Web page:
Libraries are not and should not be campaign grounds

To the Editor:

I feel forced to comment on the recent plastering of close to 50 political signs in the short road leading to the Guilderland Public Library, which generously agrees to serve as a public polling place every year.

In the past, all political signs have been limited to a small space across the street from the library, allowing voters to enter the polling place with a free and open mind.

For this primary, for the first time ever, I was appalled to see both sides of the driveway to the library littered with political candidate signs from every party and race, crowded up against each other like parade flags!

I also noticed a few candidate signs in the small library parking lot. I have lived in Guilderland all my life and I have never seen such a spectacle, and it nauseated me. I looked up New York election law to see what the law says. The law reads as follows:

“While the polls are open no person shall do any electioneering within the polling place, or in any public street, within a one-hundred-foot radial measured from the entrances designated by the inspectors of election, to such polling place or within such distance in any place in a public manner; and no political banner, button, poster or placard shall be allowed in or upon the polling place or within such one-hundred-foot radial.” (New York Election Law 8-104: Polls).

Notably, in 2021 and 2022, there were two bills proposed to change this law. Assembly Bill 6341 in 2022 would have increased the distance to 600 feet or the entire property. Assembly Bill 892 in 2021 would have entirely prohibited electioneering on polling-place property. In spite of these much-needed reform efforts, New York’s law has not yet been changed and the distance remains 100 feet.

However, in spite of this 100-foot limit (which most of these signs are admittedly outside of), up until this primary, the Guilderland Public Library has always been respected and viewed by all candidates to be a “campaign-free zone.” A place where voters would not be bombarded by campaign messages, but instead could find a quiet and peaceful place to vote with a clear mind.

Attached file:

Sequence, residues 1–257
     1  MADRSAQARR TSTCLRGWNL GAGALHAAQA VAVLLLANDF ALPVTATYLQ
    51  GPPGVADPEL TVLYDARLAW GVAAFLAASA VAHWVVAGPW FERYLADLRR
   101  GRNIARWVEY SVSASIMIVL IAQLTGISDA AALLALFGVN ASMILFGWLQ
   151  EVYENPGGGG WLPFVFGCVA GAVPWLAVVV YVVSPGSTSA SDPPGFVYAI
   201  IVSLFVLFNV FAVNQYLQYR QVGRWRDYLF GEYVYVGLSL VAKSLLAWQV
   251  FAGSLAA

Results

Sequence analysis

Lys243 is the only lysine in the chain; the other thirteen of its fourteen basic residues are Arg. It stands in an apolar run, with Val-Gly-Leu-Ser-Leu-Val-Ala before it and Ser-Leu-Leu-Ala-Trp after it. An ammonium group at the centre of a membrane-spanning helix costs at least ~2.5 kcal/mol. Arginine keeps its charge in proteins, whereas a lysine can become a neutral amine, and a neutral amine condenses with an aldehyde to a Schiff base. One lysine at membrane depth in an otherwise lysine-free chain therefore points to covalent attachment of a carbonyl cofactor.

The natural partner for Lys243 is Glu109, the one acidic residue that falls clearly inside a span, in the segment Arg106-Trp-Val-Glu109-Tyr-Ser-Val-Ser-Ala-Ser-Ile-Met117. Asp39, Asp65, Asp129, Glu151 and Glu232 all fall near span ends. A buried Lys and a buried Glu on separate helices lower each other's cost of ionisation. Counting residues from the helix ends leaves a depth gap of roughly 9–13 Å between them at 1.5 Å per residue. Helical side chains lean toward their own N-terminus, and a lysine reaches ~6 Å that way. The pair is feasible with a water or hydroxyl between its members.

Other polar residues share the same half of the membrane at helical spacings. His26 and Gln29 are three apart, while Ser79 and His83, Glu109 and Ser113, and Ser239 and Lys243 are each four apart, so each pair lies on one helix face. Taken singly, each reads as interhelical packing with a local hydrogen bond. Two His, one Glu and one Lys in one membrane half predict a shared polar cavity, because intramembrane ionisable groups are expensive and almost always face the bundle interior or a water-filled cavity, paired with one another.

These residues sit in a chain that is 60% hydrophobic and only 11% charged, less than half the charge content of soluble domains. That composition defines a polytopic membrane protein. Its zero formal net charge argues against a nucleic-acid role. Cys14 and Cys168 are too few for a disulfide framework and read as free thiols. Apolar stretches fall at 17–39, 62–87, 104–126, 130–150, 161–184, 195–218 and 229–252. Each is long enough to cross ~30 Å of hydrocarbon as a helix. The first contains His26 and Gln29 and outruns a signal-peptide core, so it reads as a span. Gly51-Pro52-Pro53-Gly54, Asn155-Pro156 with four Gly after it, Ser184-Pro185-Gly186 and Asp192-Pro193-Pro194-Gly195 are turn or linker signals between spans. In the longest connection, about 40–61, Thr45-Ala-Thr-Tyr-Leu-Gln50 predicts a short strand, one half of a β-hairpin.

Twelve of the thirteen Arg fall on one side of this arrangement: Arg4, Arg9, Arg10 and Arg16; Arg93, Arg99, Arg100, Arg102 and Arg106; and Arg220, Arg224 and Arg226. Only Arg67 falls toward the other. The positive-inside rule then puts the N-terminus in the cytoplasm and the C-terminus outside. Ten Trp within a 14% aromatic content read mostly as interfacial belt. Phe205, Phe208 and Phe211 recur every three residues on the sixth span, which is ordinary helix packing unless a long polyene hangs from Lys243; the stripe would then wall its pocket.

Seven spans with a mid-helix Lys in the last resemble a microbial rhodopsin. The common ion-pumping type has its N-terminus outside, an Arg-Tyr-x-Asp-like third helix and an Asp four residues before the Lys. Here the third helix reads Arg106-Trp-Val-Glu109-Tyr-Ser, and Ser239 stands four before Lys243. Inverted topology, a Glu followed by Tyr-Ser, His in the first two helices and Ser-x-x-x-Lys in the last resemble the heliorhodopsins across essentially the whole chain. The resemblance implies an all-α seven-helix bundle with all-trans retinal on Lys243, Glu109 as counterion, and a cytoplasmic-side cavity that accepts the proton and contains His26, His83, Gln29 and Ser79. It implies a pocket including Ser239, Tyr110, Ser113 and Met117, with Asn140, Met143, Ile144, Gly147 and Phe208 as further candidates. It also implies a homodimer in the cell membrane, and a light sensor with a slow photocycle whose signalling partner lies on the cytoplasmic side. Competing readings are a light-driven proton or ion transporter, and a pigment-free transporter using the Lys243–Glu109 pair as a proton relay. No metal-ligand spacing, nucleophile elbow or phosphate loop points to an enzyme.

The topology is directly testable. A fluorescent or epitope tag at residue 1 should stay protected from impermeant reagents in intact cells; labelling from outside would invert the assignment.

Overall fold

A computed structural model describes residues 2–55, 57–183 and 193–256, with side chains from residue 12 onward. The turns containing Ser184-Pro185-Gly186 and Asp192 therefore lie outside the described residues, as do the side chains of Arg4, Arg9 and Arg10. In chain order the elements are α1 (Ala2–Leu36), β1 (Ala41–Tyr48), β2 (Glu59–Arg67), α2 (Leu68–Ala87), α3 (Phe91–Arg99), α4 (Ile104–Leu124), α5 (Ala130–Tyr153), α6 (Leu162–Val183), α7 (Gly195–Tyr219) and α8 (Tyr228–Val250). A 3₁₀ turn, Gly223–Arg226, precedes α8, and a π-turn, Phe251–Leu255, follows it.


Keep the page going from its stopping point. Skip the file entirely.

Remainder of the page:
There was a modicum of respect for library property and its adjacent roadway. No political campaign signs were ever placed on the road to the library or in its parking lot. Now, that’s out the window.

The current parade of campaign signs on both sides of the road into the library can’t help but look like a politicization of the library, a pandering to those candidates who can best afford to buy unlimited loud and glaring campaign signs with which to bombard voters walking into the polling place.

We all know that national politics has gotten out of control; the idea of decorum and respect in politics appears to be completely forgotten. But I had hoped in this once small town that the understanding that the library and its entry road were “off limits” for campaign signs showed that we, as a community, retained our values and common perception that libraries are not and should not be campaign grounds.

I am greatly disturbed and afraid that, with this 2024 primary, this will be the new future in Guilderland. I for one think the library should be a place where no one tries to force their ideas on anyone else, especially when someone is exercising their right to vote.

Let’s all hope that the past understanding of the political parties in Guilderland is restored, and the current spectacle at the library will never be repeated.

Laurel L. Bohl


Editor’s note: Laurel Bohl is a former member of the Guilderland Town Board.

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